Of course I don’t assert that he had never suffered for his convictions at all, but I am fully convinced that he might have gone on lecturing on his Arabs as long as he liked, if he had only given the necessary explanations. But he was too lofty, and he proceeded with peculiar haste to assure himself that his career was ruined forever “by the vortex of circumstance.” And if the whole truth is to be told the real cause of the change in his career was the very delicate proposition which had been made before and was then renewed by Varvara Petrovna Stavrogin, a lady of great wealth, the wife of a lieutenant-general, that he should undertake the education and the whole intellectual development of her only son in the capacity of a superior sort of teacher and friend, to say nothing of a magnificent salary. This proposal had been made to him the first time in Berlin, at the moment when he was first left a widower. His first wife was a frivolous girl from our province, whom he married in his early and unthinking youth, and apparently he had had a great deal of trouble with this young person, charming as she was, owing to the lack of means for her support; and also from other, more delicate, reasons. She died in Paris after three years’ separation from him, leaving him a son of five years old; “the fruit of our first, joyous, and unclouded love,” were the words the sorrowing father once let fall in my presence.
The child had, from the first, been sent back to Russia, where he was brought up in the charge of distant cousins in some remote region. Stepan Trofimovitch had declined Varvara Petrovna’s proposal on that occasion and had quickly married again, before the year was over, a taciturn Berlin girl, and, what makes it more strange, there was no particular necessity for him to do so. But apart from his marriage there were, it appears, other reasons for his declining the situation. He was tempted by the resounding fame of a professor, celebrated at that time, and he, in his turn, hastened to the lecturer’s chair for which he had been preparing himself, to try his eagle wings in flight. But now with singed wings he naturally remembered the proposition which even then had made him hesitate. The sudden death of his second wife, who did not live a year with him, settled the matter decisively. To put it plainly it was all brought about by the passionate sympathy and priceless, so to speak, classic friendship of Varvara Petrovna, if one may use such an expression of friendship. He flung himself into the arms of this friendship, and his position was settled for more than twenty years. I use the expression “flung himself into the arms of,” but God forbid that anyone should fly to idle and superfluous conclusions. These embraces must be understood only in the most loftily moral sense. The most refined and delicate tie united these two beings, both so remarkable, forever.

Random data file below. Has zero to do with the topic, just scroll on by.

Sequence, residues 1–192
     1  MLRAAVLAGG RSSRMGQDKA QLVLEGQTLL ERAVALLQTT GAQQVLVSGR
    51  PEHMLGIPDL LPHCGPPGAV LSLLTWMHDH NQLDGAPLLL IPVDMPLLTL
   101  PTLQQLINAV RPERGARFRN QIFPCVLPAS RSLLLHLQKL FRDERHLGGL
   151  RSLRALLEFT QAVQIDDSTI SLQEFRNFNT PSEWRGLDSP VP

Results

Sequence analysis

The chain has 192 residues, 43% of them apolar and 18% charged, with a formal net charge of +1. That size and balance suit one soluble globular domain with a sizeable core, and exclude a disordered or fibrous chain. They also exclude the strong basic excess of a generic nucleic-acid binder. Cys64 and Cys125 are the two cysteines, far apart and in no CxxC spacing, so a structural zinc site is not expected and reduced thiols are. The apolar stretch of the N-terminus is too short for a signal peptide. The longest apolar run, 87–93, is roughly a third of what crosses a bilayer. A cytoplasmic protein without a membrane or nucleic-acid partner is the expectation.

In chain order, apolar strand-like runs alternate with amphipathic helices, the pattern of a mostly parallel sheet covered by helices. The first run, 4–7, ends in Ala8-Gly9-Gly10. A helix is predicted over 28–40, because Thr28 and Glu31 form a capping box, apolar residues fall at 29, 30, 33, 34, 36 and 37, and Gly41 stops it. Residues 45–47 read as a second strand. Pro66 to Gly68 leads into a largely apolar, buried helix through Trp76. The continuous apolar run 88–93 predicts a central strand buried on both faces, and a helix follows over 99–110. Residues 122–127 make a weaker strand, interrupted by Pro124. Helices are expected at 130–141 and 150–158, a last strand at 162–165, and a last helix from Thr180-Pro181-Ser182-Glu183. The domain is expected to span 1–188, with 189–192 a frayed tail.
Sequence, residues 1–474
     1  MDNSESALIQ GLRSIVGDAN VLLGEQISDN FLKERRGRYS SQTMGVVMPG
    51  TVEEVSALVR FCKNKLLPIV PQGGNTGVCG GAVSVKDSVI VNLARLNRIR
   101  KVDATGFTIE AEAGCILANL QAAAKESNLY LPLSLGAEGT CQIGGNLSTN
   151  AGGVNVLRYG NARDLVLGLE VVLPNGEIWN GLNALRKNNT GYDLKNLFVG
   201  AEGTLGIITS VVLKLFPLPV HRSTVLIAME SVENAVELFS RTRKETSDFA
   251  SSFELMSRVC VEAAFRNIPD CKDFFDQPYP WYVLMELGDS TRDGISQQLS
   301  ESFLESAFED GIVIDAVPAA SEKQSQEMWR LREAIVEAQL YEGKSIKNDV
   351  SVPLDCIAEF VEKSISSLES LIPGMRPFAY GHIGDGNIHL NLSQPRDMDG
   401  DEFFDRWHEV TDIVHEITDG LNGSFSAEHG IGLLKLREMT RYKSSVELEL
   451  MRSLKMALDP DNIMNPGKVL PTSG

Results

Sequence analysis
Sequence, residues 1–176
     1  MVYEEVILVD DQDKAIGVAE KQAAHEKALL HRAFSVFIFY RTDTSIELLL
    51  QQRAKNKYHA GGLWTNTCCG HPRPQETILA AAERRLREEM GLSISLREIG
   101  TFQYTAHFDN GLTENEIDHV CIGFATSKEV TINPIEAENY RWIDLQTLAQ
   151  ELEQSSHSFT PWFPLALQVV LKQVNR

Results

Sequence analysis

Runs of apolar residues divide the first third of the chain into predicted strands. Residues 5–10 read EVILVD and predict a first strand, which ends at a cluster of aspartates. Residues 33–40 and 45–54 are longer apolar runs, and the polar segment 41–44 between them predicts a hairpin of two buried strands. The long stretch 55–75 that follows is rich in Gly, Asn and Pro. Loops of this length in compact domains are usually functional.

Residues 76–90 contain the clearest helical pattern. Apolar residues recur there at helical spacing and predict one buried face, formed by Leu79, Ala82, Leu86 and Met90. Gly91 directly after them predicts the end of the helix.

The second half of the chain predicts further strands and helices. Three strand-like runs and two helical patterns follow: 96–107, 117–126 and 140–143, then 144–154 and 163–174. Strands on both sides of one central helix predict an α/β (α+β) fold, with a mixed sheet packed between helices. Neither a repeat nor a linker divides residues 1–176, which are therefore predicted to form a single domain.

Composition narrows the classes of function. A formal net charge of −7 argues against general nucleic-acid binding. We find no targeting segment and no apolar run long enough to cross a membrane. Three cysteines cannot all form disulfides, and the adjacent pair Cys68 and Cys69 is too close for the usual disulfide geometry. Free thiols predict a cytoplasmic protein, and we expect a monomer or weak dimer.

The post of tutor was the more readily accepted too, as the property—a very small one—left to Stepan Trofimovitch by his first wife was close to Skvoreshniki, the Stavrogins’ magnificent estate on the outskirts of our provincial town. Besides, in the stillness of his study, far from the immense burden of university work, it was always possible to devote himself to the service of science, and to enrich the literature of his country with erudite studies. These works did not appear. But on the other hand it did appear possible to spend the rest of his life, more than twenty years, “a reproach incarnate,” so to speak, to his native country, in the words of a popular poet:
Reproach incarnate thou didst stand Erect before thy Fatherland, O Liberal idealist!
But the person to whom the popular poet referred may perhaps have had the right to adopt that pose for the rest of his life if he had wished to do so, though it must have been tedious. Our Stepan Trofimovitch was, to tell the truth, only an imitator compared with such people; moreover, he had grown weary of standing erect and often lay down for a while. But, to do him justice, the “incarnation of reproach” was preserved even in the recumbent attitude, the more so as that was quite sufficient for the province. You should have seen him at our club when he sat down to cards. His whole figure seemed to exclaim “Cards! Me sit down to whist with you! Is it consistent? Who is responsible for it? Who has shattered my energies and turned them to whist? Ah, perish, Russia!” and he would majestically trump with a heart.